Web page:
RESEARCHERS have found a deadly link between gum disease and diabetes which affects between 10 and 14 per cent of Jamaica's adult population — persons 15 years old and over.
The discovery has caused one of the foremost diabetes researchers at the University of the West Indies (UWI), Professor Dalip Ragoobirsingh, to call on the medical fraternity here to include dental health tips in strategies to manage people with diabetes.
"Not only are people with diabetes more susceptible to serious gum disease, but serious gum disease may have the potential to affect blood glucose control and contribute to the progression of diabetes," said Ragoobirsingh, UWI professor of medical biochemistry and diabetology.
Ragoobirsingh told the Jamaica Observer yesterday that so serious was the link between the two diseases that for the first time in its 19-year history, the annually held International Diabetes Conference would focus heavily on the problem under the theme "Diabetes and Oral health".
UWI is partnering with the University of Technology (UTech) to stage the 19th Annual International Diabetes Conference, which is regarded as the premier medical meeting in the Caribbean, from March 21 to 23, 2013 at the Sunset Jamaica Grande in Ocho Rios, St Ann.
Providing statistics on the prevalence of diabetes in Jamaica, Ragoobirsingh said between 10 and 14 per cent of the adult population suffered with diabetes. The problem was worsened by the fact that an additional two per cent of that population suffered impaired glucose tolerance, which presented with similar complications to diabetes and which made victims vulnerable to diabetes.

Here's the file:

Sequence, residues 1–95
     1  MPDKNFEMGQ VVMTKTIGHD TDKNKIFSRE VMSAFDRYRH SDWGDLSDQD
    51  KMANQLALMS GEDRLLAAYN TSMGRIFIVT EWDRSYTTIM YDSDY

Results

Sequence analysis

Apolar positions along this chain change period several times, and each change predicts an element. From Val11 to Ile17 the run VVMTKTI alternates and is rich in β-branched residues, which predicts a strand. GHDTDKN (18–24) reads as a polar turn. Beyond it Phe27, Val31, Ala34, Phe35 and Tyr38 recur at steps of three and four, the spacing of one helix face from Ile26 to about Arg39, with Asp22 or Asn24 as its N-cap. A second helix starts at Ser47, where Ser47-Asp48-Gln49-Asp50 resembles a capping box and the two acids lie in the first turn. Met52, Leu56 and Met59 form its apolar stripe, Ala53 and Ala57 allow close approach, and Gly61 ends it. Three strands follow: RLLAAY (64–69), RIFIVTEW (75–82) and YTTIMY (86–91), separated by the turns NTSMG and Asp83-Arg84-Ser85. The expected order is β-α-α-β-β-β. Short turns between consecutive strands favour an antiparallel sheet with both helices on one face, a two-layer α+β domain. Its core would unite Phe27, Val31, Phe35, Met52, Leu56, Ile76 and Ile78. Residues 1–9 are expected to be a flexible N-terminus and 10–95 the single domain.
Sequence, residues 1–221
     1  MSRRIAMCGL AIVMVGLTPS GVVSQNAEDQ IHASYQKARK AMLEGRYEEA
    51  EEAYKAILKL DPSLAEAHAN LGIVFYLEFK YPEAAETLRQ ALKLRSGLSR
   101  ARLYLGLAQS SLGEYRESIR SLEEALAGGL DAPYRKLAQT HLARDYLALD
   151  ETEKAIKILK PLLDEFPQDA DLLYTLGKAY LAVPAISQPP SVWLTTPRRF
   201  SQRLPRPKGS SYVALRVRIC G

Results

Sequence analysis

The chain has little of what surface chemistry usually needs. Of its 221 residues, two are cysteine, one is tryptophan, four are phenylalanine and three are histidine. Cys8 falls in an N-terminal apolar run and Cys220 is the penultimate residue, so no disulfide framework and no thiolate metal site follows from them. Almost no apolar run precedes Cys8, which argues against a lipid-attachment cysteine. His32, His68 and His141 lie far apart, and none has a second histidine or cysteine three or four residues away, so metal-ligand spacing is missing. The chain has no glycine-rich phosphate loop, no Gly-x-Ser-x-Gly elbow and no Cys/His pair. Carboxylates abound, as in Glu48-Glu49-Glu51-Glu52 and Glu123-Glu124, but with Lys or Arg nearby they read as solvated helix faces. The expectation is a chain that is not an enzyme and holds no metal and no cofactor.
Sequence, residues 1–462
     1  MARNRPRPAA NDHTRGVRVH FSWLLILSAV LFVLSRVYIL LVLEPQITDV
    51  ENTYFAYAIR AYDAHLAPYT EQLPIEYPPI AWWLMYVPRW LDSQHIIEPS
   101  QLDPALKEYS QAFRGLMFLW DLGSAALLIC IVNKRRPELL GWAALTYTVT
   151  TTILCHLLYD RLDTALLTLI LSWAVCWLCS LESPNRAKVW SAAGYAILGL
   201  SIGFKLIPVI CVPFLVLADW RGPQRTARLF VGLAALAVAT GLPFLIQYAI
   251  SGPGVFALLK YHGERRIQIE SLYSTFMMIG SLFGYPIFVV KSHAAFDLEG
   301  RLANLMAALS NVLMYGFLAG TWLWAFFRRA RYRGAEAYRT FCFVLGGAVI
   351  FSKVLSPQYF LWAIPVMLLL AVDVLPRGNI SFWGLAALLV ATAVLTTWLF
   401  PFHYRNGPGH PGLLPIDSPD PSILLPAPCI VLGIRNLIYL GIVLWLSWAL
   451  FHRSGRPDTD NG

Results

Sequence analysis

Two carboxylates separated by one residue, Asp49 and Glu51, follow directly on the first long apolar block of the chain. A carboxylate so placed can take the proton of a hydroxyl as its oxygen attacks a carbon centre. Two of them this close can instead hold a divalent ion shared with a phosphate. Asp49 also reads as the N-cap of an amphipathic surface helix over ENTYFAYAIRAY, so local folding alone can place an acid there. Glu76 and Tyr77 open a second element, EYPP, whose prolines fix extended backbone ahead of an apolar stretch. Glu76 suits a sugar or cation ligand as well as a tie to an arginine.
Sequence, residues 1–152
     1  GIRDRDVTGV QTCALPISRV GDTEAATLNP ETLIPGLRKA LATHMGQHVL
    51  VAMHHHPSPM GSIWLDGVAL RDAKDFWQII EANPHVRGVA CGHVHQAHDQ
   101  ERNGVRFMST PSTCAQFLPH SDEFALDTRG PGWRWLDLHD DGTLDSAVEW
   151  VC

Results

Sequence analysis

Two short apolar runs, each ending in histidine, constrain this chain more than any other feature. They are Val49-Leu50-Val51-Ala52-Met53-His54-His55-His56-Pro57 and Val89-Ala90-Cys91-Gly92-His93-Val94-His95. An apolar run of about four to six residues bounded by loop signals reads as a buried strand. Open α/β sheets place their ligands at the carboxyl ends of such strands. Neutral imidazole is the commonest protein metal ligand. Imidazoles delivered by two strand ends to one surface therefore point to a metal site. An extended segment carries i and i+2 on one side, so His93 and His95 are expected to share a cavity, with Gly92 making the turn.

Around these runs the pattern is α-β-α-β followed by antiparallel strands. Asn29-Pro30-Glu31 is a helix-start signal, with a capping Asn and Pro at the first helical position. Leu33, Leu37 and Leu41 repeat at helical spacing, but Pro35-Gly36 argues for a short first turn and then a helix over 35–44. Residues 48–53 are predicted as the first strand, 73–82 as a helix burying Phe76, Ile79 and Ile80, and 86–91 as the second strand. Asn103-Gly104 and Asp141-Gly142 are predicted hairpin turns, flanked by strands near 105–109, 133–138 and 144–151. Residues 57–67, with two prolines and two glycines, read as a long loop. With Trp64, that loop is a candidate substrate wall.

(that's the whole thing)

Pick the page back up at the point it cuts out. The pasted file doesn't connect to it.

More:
"Patients and their home care-givers need to be advised that people with diabetes are more vulnerable to oral health challenges than their non-diabetic counterparts. Emerging research also suggests that the relationship between serious gum disease and diabetes is two-way. Not only are people with diabetes more susceptible to serious gum disease, but serious gum disease may have the potential to affect blood glucose control and contribute to the progression of diabetes," Ragoobirshing told a press conference to launch next month's conference.
"Research suggests that people with diabetes are at higher risk for oral health problems, such as gingivitis (an early stage of gum disease) and periodontitis (serious gum disease). People with diabetes are at an increased risk for serious gum disease because they are generally more susceptible to bacterial infection, and have a decreased ability to fight bacteria that invade the gums," he said.
(See more from Professor Dalip Ragoobirsingh)